Will there be funding? The funding that was put aside originally has been spent on repairs necessitated by the flooding. Will there be another budget envelope for the repairs themselves, which were scheduled to be done by 2018?

9:35 a.m.

Vice-President, Strategic Policy and Investment Directorate, Parks Canada Agency

Stephen Van Dine

All the work that we've scheduled, we still have under...it's a question of when it starts.

9:35 a.m.

Vice-President, Strategic Policy and Investment Directorate, Parks Canada Agency

Stephen Van Dine

We are constantly re-juggling our finances, yes.

9:35 a.m.

Liberal

Francis Scarpaleggia Liberal Lac-Saint-Louis, QC

Okay, so the funds are available.

9:35 a.m.

Liberal

Francis Scarpaleggia Liberal Lac-Saint-Louis, QC

You've got it. Okay.

Also, Mayor Paola Hawa contacted me at least a year ago—and I remember writing to Parks Canada about this—because there's a jetty as part of the installation and it's in serious need of repair. The mayor was hoping that the materials that would be used to repair the jetty would be more environmentally friendly. I guess that right now it's asphalt, and it attracts a lot of sun and heat. Basically, it creates a bit of a heat island.

Are you looking at using more environmentally friendly materials for the jetty and for other upcoming upgrades that you have to do on other installations that are under Parks Canada?

9:35 a.m.

Vice-President, Strategic Policy and Investment Directorate, Parks Canada Agency

Stephen Van Dine

We are constantly looking for greening our project delivery mechanisms. On that particular one, I'll get back to you in terms of what is being considered for the jetty.

9:35 a.m.

Liberal

Francis Scarpaleggia Liberal Lac-Saint-Louis, QC

That would be great.

I'd like to turn now to Wood Buffalo National Park, which is at risk of ecosystem collapse due to changing hydrology and increasing water demands and diversions.

UNESCO has warned that continued deterioration could lead to its inscription on the list of world heritage sites in danger. As I understand it, an environmental—

9:40 a.m.

Liberal

The Chair Liberal Yasmin Ratansi

Mr. Scarpaleggia, do you want an answer? You have 30 seconds left.

9:40 a.m.

Liberal

Francis Scarpaleggia Liberal Lac-Saint-Louis, QC

Okay.

How's it going there?

9:40 a.m.

Voices

Oh, oh!

9:40 a.m.

Senior Vice-President, Operations, Parks Canada Agency

Andrew Campbell

There is a Wood Buffalo National Park and world heritage site action plan that has been tabled in Parliament. We are working forward on that. We've started to take the initial steps. We are working towards solutions with the first nations communities surrounding and within the park and are looking at ways in which we can abate some of the ongoing issues within the park.

9:40 a.m.

Liberal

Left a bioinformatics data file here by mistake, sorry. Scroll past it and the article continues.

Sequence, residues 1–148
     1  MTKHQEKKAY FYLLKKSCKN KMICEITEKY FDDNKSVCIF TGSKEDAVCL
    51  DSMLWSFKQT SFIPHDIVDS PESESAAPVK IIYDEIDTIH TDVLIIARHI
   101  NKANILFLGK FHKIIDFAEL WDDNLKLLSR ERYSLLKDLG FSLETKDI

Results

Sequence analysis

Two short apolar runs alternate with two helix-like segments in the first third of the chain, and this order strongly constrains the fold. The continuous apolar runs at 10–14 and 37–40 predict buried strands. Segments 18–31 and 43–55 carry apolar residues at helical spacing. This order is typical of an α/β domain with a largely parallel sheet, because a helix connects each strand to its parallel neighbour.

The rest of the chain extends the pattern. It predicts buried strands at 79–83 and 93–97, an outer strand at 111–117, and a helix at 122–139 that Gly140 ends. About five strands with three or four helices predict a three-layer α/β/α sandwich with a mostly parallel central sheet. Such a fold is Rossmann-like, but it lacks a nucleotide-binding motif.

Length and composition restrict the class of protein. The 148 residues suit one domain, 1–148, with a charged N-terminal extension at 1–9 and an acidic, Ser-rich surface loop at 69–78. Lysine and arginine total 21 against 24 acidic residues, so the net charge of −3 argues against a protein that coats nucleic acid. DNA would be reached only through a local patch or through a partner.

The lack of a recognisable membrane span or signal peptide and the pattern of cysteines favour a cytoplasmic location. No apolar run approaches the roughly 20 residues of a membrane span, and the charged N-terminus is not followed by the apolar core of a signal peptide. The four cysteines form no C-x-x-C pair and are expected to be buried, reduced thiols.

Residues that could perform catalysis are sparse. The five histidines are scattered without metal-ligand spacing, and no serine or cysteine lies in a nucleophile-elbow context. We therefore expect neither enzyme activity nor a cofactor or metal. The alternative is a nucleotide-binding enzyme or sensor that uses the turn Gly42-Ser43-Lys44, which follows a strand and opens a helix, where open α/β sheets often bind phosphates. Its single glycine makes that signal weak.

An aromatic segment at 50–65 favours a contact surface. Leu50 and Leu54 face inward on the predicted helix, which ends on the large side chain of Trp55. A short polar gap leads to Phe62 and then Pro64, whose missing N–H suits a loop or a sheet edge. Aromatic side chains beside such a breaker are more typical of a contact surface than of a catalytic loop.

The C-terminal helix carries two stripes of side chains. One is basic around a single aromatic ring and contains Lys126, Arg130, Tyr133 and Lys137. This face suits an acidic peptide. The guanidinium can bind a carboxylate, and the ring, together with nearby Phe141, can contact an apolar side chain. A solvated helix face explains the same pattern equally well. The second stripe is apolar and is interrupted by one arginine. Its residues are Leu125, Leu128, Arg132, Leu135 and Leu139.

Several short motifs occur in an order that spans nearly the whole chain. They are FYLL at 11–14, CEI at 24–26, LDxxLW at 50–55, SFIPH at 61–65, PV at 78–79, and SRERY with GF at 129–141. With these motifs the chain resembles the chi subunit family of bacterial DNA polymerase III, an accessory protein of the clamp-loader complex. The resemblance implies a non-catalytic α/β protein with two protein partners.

The Chair Liberal Yasmin Ratansi

Thank you.

Mr. Redekopp, you have five minutes.

February 27th, 2020 / 9:40 a.m.

Conservative

Brad Redekopp Conservative Saskatoon West, SK

Thank you.

Thanks for coming today.

The Rouge National Urban Park Act established a park in Toronto.

I'm from Saskatoon. We have the Meewasin Valley in Saskatoon. You talked about co-managed sites like the Steveston cannery. The Meewasin encapsulates, I think, the principles of Parks Canada, but they've struggled financially to support the park in Saskatoon, and they've struggled to communicate with you guys as to whether there is any financing or any help that you could provide.

They wrote me a letter that I want to quote from:

It would be great to understand for us, and others who are not necessarily an actual National Park to understand funding opportunities better. There are many publicly accessible spaces that are utilized by many folks, especially in Saskatoon in an urban environment that could use support. We would be interested to know if there are funding opportunities for charitable organizations who manage or own green infrastructure spaces like the Meewasin Valley, which is 6700 hectares and sees over 1.65 million visits...

It's also connected with the Wanuskewin heritage park in Saskatoon.

Can you answer that question for Meewasin?

9:40 a.m.

Vice-President, Protected Areas Establishment and Conservation, Parks Canada Agency

Darlene Upton

We don't currently have any funding programs to support those. We're certainly an agency that is always open to sharing our knowledge and our best practices and such, but we don't currently operate a funding program to support parks like that.

9:40 a.m.

Conservative

Brad Redekopp Conservative Saskatoon West, SK

How do you get into a co-managed situation?

9:40 a.m.

Vice-President, Protected Areas Establishment and Conservation, Parks Canada Agency

Darlene Upton

Are you referring to something like the cannery?